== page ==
Downgrading of Accreditation by the International Coordination Committee (ICC) of the National Human Rights Institution

Downgrading of Accreditation

by the International Coordination Committee (ICC)

of the National Human Rights Institution

Malaysia’s Human Right Commission might lose ‘A’ status

Malaysiakini’s Fauwaz Abdul Aziz | Jul 25, 08

suhakam protest 191207The Human Rights Commission of Malaysia (Suhakam) may lose its ‘A’ status from a key regulator, thus potentially barring it from attending sessions of the UN Human Rights Council.
MCPX

This is following an accreditation review exercise by the International Coordination Committee (ICC) of the National Human Rights Institution. Suhakam was told by the ICC to provide, in writing, within one year of such notice, evidence to establish its continued conformity with the Paris Principles.

“This (possibility of a downgrading) will reflect poorly on Malaysia’s human rights record at the international level because it shows a lack of political will to protect and promote human rights, let alone enforce it,” said Honey Tan of women’s rights group Empower.

Tan was speaking at a press conference in Kuala Lumpur today held with four other rights groups to bring ICC’s recommendation to public attention. A statement issued by 44 groups, comprising NGOs and rights groups calling for changes in the country’s human rights record was also highlighted.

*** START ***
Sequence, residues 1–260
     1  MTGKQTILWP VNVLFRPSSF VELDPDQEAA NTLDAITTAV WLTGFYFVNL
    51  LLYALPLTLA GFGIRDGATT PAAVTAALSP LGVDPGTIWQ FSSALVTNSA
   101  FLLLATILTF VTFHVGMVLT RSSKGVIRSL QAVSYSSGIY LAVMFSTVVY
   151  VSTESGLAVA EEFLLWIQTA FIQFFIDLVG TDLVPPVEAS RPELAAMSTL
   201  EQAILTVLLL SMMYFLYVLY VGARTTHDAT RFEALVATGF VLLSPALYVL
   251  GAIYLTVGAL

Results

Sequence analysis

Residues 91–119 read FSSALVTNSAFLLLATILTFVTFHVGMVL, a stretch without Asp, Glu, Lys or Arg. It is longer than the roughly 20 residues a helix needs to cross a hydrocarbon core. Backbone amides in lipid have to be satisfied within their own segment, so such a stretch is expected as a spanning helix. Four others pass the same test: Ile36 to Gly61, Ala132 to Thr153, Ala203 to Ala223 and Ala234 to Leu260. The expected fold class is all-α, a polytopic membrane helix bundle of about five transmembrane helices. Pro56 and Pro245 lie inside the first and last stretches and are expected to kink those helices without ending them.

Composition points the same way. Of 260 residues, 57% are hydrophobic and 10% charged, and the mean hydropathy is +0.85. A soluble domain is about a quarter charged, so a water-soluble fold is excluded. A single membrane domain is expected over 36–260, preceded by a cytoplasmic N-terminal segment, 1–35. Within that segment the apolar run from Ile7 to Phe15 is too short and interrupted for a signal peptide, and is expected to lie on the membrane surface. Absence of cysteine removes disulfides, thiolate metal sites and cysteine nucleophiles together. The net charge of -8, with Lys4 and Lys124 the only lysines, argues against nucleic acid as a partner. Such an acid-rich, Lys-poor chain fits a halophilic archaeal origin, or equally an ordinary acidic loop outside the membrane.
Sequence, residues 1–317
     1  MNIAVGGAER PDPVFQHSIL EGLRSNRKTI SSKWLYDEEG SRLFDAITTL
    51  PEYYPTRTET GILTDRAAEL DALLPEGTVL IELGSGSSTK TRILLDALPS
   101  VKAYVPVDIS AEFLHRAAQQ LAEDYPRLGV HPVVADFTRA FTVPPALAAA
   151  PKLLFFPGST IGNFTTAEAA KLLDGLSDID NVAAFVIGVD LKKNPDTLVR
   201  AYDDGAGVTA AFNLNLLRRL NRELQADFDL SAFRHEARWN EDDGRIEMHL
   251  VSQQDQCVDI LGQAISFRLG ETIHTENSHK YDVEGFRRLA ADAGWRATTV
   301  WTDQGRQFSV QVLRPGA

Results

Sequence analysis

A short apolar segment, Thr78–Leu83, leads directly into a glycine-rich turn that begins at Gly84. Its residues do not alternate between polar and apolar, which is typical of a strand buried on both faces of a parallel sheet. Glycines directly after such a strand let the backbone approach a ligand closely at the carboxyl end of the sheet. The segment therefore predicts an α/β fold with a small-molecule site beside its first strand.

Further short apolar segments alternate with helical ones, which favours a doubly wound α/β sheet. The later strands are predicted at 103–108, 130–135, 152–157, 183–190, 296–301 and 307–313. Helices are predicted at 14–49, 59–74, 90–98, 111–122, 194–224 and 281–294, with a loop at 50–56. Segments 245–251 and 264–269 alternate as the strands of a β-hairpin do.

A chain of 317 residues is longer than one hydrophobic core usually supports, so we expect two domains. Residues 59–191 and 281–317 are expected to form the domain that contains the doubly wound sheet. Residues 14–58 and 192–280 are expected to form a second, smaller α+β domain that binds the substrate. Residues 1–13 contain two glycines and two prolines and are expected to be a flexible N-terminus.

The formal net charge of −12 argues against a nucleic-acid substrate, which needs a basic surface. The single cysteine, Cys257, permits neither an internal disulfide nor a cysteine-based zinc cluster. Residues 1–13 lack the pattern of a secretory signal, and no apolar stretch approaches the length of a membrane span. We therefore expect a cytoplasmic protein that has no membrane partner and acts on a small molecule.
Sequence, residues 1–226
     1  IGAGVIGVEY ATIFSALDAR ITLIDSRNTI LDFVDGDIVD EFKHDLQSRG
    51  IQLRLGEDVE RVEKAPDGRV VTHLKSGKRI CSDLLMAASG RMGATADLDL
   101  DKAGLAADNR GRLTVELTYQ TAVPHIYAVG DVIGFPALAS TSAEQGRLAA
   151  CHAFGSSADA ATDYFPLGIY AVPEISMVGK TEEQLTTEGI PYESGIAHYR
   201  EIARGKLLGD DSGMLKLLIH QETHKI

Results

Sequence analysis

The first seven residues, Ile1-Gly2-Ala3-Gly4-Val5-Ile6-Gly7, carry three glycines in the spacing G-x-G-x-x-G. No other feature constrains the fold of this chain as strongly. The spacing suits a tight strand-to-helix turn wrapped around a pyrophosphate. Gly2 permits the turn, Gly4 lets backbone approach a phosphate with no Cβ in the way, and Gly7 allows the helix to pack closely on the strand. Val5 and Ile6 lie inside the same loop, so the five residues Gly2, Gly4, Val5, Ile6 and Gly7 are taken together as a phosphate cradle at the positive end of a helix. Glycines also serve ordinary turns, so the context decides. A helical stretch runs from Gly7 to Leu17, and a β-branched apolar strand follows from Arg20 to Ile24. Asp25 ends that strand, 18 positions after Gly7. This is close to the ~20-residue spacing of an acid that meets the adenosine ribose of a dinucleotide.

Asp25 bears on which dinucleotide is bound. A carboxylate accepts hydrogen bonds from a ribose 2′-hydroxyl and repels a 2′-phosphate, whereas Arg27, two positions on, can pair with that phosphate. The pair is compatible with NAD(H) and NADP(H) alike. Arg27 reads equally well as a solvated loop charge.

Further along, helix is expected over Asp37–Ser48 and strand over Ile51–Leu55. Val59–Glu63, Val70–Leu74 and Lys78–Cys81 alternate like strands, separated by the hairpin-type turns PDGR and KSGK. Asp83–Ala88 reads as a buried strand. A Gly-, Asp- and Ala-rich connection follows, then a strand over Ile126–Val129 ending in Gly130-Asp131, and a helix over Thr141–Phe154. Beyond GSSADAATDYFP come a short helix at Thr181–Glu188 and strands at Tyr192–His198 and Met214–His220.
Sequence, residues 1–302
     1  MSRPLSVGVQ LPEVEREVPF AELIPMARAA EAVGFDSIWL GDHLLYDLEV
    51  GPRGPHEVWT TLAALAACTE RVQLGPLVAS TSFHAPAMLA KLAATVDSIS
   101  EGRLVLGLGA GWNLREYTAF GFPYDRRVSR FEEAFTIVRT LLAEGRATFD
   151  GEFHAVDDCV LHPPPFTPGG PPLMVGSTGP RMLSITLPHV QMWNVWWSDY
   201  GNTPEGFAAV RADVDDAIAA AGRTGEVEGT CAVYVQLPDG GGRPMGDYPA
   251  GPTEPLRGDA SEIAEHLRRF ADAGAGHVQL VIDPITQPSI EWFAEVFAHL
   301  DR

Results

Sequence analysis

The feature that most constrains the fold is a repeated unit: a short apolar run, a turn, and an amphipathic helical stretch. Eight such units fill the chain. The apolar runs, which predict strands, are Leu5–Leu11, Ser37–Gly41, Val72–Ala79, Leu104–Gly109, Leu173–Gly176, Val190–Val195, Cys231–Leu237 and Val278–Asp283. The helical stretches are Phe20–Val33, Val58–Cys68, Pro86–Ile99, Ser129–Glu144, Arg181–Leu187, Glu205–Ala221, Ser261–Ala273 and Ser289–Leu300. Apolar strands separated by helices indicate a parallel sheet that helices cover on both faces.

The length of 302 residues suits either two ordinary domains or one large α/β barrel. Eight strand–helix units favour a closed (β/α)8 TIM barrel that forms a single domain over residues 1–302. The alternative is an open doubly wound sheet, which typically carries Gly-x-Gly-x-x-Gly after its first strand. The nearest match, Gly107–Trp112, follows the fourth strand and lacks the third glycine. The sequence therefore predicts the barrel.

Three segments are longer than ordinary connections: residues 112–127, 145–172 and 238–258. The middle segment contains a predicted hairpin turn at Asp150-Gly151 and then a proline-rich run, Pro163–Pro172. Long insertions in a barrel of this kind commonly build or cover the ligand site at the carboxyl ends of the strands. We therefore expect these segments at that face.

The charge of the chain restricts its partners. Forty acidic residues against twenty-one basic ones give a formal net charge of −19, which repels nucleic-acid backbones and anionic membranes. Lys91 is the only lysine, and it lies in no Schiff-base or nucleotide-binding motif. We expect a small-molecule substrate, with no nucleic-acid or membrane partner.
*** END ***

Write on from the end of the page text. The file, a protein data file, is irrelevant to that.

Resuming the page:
The Paris Principles – adopted by the United Nations in 1991 – is the international benchmark on the establishment of national human rights institutions.

The ICC stated that among the reasons for the possible re-categorisation of Suhakam’s status is the need for the “independence of the commission to be strengthened by the provision of a clear and transparent appointment and dismissal process” in the Human Rights Commission of Malaysia Act 1999.

The ICC also noted the short term of office (two years) by which members of the commission are currently appointed.

There is also a lack of provisions in the Human Rights Commission of Malaysia Act 1999 to ensure genuine “pluralism” in the make up of Suhakam’s commissioners, said the ICC.

The ICC noted further the importance of Suhakam engaging with bodies like the UN Human Rights Council and other human rights bodies.

A’ for now

Suhakam will hold on to an ‘A’ status till 2009, when it might be downgraded to a ‘B’ for either failing to fully comply with the Paris Principles or for providing insufficient information to make such a determination.

‘C’ is reserved for countries that do not comply with the Paris Principles.

In addition to being barred from sessions of the UN Human Rights Council, it will also be stripped of full membership and voting power in the ICC’s Asia Pacific Forum (APF) on National Human Rights Institutions.

Suaram coordinator John Liu said Malaysia’s hosting of APF’s four-day long thirteenth annual meeting in Kuala Lumpur starting on Monday “will put Suhakam in the spotlight in the international level”.

Campaign coordinator for Amnesty International’s Malaysian chapter, K Shan, said the government’s announcements regarding reforms, to the Anti-Corruption Agency (ACA) and the judiciary, for example, accords an opportunity for the government to address weaknesses in the protection and promotion of human rights locally.

Suaram’s executive director Yap Swee Seng, likewise, said it is “an excellent opportunity for the Malaysian government to show that it does have the political will to protect and promote human rights in the country”.

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